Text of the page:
Here's a few insights about the current fire that speak to our concerns and questions about our relationship with the natural world.
NPR's John Nielsen on the ways of these winds:
When the winds are moderate, they blow air pollution out to sea and make life in Southern California more pleasant. But last week, after a gigantic mass of air formed over the high plateaus, the Santa Ana winds turned into monsters.
California Nurseryman Trey Pitsenberger on certain futility:
We can prepare and plant fire resistant plantings, build our homes of more fire resistant materials, and change our neighborhoods design to better resist fire but when the Santa Annas start blowing, look out!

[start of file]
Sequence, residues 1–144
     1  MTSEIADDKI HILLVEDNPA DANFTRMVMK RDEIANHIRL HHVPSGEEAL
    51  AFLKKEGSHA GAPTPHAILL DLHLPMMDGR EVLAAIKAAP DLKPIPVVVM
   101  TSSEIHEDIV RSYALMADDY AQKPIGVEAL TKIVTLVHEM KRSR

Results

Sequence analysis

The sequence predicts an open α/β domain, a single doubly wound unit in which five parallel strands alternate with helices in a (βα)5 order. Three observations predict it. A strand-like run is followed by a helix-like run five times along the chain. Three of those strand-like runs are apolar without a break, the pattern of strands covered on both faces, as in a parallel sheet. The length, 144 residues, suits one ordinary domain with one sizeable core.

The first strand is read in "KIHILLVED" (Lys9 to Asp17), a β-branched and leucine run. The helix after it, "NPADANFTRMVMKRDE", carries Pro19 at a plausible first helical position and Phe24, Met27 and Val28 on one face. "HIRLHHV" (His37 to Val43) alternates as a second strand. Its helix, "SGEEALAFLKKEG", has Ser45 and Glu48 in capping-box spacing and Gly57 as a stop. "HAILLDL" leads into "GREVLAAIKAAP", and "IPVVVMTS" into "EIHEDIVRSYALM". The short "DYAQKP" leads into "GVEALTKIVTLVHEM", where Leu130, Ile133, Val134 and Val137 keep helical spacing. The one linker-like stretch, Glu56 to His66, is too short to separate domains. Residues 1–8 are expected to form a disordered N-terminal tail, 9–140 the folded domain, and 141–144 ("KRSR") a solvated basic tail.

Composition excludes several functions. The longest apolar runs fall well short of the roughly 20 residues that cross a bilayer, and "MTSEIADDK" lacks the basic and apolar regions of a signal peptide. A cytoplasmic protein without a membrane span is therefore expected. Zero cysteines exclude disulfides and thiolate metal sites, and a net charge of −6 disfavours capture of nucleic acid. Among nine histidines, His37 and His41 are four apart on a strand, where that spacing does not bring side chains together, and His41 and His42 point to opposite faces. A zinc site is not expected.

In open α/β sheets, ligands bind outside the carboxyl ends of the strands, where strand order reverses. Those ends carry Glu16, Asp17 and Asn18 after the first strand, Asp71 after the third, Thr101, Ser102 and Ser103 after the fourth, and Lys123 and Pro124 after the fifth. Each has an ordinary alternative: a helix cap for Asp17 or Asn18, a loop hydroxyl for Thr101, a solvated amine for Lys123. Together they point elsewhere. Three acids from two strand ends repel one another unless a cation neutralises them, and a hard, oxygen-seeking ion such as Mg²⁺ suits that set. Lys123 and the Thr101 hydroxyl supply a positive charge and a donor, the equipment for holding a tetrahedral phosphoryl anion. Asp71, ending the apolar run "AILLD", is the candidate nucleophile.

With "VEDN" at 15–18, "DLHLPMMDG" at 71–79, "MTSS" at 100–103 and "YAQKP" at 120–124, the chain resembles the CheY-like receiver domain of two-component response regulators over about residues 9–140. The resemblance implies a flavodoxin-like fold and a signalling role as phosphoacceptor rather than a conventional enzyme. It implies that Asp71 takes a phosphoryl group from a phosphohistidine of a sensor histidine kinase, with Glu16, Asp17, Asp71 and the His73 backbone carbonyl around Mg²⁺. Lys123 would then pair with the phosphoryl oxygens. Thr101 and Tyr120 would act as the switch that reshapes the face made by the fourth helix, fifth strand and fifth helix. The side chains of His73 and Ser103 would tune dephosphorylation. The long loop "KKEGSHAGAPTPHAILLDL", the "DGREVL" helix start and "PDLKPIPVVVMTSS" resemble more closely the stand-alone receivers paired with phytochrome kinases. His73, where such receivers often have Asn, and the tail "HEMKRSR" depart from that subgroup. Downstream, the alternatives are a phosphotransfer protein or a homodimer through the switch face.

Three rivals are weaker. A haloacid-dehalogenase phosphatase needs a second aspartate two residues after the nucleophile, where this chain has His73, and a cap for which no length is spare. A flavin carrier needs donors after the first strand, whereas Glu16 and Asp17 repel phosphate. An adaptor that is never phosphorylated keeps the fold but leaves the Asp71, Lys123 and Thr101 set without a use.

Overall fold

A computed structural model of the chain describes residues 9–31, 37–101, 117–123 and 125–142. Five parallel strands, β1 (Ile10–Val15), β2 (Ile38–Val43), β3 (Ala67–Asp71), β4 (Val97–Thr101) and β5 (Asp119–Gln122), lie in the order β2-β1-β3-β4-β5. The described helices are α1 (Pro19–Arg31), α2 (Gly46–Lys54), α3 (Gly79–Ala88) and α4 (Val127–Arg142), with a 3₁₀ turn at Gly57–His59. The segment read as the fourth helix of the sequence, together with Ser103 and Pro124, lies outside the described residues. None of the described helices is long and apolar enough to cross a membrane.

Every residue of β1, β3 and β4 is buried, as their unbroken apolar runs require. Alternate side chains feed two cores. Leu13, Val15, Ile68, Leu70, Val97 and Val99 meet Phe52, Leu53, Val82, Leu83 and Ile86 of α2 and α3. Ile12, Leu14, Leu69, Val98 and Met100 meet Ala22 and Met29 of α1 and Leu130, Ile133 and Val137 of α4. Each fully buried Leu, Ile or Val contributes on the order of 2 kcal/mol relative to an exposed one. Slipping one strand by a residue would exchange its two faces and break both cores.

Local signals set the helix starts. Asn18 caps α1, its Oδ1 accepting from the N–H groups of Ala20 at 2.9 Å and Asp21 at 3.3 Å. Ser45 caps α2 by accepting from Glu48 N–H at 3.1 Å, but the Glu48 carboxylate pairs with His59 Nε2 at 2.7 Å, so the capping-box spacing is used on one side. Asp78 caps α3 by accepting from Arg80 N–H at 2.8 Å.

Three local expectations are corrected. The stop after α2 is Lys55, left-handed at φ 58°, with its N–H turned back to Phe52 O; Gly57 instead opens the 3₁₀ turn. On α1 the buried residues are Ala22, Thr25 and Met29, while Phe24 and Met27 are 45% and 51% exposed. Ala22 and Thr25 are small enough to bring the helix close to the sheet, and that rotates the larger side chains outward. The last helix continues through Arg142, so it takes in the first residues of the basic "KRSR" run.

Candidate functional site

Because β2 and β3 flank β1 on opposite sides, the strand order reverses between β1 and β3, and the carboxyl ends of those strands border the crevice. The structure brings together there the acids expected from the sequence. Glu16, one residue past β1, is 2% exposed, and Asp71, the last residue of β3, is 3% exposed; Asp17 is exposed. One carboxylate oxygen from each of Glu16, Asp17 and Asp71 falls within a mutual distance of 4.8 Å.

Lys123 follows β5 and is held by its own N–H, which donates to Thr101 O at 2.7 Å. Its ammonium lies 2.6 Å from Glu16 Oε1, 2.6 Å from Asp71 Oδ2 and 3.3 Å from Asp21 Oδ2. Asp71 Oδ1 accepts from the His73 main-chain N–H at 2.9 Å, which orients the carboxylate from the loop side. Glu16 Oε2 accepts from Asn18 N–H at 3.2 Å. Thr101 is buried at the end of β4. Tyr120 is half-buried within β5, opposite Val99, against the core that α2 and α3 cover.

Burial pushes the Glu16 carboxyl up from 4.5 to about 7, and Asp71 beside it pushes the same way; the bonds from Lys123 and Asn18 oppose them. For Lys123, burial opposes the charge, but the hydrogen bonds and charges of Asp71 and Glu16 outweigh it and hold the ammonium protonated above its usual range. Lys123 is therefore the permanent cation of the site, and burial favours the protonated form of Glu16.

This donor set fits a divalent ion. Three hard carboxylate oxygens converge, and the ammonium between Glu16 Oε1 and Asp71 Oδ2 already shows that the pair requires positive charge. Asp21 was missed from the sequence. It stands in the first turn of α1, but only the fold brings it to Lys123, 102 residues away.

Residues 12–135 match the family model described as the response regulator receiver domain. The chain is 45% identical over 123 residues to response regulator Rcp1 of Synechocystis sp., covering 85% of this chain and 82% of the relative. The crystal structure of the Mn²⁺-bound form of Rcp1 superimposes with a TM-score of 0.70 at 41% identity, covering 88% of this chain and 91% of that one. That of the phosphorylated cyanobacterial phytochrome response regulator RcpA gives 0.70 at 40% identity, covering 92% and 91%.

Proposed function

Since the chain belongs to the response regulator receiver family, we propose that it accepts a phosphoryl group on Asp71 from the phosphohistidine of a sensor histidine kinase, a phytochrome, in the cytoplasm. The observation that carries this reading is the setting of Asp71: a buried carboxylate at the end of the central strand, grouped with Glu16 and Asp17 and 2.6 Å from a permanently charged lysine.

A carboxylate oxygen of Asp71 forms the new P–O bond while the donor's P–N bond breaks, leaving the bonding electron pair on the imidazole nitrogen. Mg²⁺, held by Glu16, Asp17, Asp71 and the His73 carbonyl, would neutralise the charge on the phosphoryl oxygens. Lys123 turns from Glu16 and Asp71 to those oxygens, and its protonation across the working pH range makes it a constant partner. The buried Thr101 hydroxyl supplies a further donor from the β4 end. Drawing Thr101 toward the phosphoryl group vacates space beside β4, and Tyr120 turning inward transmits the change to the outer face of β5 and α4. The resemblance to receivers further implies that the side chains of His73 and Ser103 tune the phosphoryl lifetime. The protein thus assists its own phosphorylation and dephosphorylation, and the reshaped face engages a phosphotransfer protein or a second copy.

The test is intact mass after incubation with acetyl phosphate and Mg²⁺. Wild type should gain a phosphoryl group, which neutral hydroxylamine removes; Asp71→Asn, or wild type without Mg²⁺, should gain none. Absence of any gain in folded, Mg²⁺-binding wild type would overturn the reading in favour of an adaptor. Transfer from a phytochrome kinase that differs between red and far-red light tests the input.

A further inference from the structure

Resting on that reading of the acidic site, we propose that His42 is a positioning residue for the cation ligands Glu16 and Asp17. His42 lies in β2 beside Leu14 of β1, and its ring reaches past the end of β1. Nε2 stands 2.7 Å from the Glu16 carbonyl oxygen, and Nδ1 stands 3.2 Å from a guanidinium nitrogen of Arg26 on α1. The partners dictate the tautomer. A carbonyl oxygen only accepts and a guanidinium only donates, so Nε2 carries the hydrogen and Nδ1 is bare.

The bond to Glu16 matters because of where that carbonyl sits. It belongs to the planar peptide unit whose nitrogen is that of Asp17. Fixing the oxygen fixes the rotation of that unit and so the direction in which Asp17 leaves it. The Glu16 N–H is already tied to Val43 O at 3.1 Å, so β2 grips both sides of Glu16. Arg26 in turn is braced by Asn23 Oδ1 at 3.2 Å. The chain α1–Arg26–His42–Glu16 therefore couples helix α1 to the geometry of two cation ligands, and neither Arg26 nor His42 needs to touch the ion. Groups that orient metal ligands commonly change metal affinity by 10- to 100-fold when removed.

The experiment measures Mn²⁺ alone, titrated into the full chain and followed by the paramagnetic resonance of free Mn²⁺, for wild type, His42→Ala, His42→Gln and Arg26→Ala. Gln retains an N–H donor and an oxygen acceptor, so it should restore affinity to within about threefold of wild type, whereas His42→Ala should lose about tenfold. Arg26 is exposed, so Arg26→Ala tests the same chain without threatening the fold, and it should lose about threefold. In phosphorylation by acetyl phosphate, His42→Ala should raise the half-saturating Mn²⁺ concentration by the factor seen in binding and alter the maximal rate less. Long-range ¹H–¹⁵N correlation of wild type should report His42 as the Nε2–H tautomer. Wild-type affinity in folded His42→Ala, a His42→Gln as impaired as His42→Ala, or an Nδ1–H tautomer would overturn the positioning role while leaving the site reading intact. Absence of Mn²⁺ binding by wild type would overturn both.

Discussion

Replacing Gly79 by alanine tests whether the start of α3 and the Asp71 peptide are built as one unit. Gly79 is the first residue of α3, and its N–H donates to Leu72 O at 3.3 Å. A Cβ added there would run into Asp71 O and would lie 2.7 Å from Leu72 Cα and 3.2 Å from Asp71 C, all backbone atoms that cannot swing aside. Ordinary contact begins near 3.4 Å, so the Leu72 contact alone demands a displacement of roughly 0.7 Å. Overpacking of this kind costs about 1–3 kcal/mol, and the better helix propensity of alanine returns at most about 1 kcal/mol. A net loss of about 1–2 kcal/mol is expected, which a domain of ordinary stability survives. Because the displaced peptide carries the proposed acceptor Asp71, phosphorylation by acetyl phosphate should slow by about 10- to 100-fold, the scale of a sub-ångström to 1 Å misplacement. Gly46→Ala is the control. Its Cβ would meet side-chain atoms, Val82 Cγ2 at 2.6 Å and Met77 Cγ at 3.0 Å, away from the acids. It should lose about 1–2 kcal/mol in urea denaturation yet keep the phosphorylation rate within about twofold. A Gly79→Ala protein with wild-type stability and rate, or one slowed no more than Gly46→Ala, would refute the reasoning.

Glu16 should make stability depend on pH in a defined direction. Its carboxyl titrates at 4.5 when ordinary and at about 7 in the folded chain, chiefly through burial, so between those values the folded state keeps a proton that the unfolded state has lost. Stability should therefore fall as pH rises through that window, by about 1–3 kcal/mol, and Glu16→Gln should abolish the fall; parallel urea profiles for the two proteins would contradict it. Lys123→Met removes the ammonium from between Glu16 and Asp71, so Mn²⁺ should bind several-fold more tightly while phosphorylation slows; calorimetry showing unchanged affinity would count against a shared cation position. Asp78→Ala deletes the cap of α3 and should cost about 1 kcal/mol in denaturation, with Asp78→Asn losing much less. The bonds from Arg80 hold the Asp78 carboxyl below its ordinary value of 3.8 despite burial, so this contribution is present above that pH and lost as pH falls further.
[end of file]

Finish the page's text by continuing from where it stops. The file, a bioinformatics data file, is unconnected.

The L.A. Times on our continued uneasy relationship with beauty:
Brush thrives on occasional disaster. Old undergrowth chokes out new life; fires clear the ground and fertilize and freshen the soil. We know that even as we fight the flames and grieve over their aftermath. Southern Californians have chosen to live where wildness is still a visible, occasionally destructive and often awe-inspiring force.
Please enlighten us with your thoughts about why we continue to be surprised by such catastrophe, and what us run-of-the-mill passionate environmentalists can do.